Cytogenetic alterations constitute early events in the progression of cancer development. For example, changes in chromosomal structure can alter the expression of miRNAs. Chromosomal regions that are subject to amplification or loss may result in miRNAs with oncogenic behavior or loss of tumor-suppressive properties.18, 19 Recent evidence suggests that epigenetic alterations (heritable changes in gene expression without DNA sequence alteration) may lead to aberrant expression of miRNAs in HNSCC cells.20, 21, 22 It is well known that DNA hypermethylation of CpG islands leads to the inactivation of tumor-suppressive miRNA in cancer cells.19, 23 In oral cancer cells, miR-34b, miR-137, miR-193a and miR-203 function as tumor suppressors and these miRNAs are located on CpG islands and silenced through aberrant DNA methylation.24

Activation of DNA methyltransferases modulates the expression of both protein-coding and non-coding genes. Three DNA methyltransferases are particularly important: DNMT3A, DNMT3B and DNMT1.25 These methyltransferases are regulated by specific miRNAs, leading to demethylation of specific genomic sequences.26 Thus, downregulation of DNA methyltransferases permits expression of protein-coding and non-coding genes. Other important epigenetic gene controls are exerted by histone modification, such as histone acetylation (associated with active gene transcription) and methylation of histone H3 lysine 9 (inactivation of gene expression).21, 22 Evidence indicates that DNA methylation and histone modification cooperatively regulate transcription of the human genome21, 22, 26 and that epigenetic modifications affect cancer pathogenesis. Thus, it is important to elucidate the miRNA networks that control the expression of protein-coding and non-coding genes in cancer cells.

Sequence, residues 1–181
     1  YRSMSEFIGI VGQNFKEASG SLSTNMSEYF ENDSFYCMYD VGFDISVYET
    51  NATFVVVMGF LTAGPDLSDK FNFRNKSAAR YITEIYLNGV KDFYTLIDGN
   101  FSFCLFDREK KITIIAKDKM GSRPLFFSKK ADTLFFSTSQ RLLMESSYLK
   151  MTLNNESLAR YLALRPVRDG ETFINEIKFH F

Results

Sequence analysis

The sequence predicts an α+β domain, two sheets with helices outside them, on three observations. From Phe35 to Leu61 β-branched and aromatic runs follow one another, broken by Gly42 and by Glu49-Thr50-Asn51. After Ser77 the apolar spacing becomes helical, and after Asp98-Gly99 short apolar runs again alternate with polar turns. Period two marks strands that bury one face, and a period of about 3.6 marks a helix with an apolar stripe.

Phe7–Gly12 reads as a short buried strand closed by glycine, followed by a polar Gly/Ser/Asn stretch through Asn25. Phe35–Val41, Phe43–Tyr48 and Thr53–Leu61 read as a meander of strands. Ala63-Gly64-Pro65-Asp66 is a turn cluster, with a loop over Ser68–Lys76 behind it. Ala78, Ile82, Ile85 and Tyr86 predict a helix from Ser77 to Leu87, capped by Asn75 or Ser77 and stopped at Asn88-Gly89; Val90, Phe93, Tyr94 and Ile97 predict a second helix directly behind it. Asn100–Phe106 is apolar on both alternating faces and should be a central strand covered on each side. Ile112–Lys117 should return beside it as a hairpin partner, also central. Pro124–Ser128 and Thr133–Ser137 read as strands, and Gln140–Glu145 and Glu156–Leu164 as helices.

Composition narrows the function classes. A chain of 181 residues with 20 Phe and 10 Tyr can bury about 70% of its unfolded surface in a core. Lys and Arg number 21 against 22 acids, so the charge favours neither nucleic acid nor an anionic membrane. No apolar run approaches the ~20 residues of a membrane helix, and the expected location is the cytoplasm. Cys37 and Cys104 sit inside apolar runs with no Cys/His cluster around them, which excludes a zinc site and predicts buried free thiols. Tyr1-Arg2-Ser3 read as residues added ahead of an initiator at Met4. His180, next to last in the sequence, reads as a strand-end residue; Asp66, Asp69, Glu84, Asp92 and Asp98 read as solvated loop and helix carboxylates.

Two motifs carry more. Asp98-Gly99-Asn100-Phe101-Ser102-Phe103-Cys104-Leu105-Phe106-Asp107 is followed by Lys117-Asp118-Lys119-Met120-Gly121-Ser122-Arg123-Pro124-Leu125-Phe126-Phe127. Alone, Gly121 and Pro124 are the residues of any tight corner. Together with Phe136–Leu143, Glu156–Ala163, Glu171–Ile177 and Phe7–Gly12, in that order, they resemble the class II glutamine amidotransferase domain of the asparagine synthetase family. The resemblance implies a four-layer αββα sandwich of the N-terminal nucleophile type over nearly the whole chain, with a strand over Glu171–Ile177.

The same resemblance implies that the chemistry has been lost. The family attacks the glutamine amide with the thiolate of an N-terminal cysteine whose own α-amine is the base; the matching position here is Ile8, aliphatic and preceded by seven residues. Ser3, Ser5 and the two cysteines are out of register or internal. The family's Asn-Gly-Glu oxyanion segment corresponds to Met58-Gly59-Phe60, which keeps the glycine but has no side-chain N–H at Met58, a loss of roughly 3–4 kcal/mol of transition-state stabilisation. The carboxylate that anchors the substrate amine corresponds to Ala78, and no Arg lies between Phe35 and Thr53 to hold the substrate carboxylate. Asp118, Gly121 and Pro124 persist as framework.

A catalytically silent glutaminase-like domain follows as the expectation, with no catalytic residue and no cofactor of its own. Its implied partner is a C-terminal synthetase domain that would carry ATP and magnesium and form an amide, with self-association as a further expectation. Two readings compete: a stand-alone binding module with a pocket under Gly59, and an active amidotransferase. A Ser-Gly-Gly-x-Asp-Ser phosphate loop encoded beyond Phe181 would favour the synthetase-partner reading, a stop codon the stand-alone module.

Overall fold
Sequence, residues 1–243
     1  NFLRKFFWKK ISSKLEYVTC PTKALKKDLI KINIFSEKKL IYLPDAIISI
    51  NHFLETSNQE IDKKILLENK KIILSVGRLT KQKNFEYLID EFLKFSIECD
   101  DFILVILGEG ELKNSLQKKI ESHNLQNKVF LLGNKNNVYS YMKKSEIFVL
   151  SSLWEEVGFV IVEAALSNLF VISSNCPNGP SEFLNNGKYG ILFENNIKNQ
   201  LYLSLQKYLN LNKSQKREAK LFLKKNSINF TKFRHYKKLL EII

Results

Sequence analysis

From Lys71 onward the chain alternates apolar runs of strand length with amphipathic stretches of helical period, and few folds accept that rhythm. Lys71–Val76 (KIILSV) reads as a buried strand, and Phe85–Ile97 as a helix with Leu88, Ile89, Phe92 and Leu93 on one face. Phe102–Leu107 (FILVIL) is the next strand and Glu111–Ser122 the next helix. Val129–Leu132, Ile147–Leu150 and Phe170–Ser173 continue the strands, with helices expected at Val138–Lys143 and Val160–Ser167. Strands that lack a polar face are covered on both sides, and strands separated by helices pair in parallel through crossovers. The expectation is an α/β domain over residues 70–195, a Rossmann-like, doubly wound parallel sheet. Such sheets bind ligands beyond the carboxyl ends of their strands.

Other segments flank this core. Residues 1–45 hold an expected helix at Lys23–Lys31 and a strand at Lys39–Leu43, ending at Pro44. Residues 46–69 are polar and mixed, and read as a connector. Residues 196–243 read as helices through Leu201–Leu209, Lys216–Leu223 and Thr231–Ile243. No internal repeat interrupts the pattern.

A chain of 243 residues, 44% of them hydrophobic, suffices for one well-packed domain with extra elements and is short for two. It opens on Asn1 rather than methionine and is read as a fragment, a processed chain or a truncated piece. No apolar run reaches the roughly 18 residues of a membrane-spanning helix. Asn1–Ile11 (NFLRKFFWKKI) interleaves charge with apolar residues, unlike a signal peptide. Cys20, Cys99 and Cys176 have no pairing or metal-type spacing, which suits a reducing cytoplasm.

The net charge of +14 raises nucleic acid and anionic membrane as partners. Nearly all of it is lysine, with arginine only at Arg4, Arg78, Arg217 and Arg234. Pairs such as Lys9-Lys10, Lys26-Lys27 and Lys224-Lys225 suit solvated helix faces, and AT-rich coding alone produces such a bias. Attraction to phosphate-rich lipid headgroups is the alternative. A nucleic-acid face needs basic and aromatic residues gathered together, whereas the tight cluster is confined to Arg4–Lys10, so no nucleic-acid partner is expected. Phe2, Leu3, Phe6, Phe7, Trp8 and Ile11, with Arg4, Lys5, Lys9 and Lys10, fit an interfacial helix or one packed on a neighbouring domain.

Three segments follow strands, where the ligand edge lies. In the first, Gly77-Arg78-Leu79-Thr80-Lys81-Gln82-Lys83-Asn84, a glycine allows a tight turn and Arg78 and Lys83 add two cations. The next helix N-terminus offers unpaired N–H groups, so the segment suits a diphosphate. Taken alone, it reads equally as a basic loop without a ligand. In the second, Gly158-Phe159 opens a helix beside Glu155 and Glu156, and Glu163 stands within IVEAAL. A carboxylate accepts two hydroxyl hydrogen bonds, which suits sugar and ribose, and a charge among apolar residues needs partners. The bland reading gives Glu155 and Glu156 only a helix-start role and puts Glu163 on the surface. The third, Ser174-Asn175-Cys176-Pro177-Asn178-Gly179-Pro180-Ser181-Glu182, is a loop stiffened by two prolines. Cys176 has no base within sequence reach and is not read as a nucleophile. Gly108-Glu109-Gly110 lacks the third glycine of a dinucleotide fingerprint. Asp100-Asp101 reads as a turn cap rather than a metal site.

Advanced molecular technologies can identify abnormally expressed miRNAs in various types of cancer cells. To seek out differentially expressed miRNAs in HNSCC cells, we used HNSCC clinical specimens to establish microarray-based, PCR-based and deep sequencing-based miRNA expression signatures.27, 28, 29, 30 Moreover, we have demonstrated the roles of miRNAs in human SCC pathogenesis.31, 32 In this review, we highlight aberrantly expressed miRNAs in HNSCC based on 11 miRNA expression signatures from previously published studies.27, 28, 29, 30, 33, 34, 35, 36, 37, 38, 39 Differentially expressed miRNAs identified from signatures are summarized in Table 1. The signatures exhibit considerable variability in the differential expression of miRNAs. The variety of aberrantly expressed miRNAs may depend on technical aspects, patient populations and analysis platforms for miRNA signatures. However, there are certain miRNAs that frequently observed to be up- or downregulated among the 11 signatures. These data suggest that these miRNAs may contribute substantially to HNSCC pathogenesis (Tables 2 and 3).

Table 1 microRNA expression profiles in HNSCC
Table 2 Downregulated microRNAs in HNSCC
Table 3 Upregulated microRNAs in HNSCC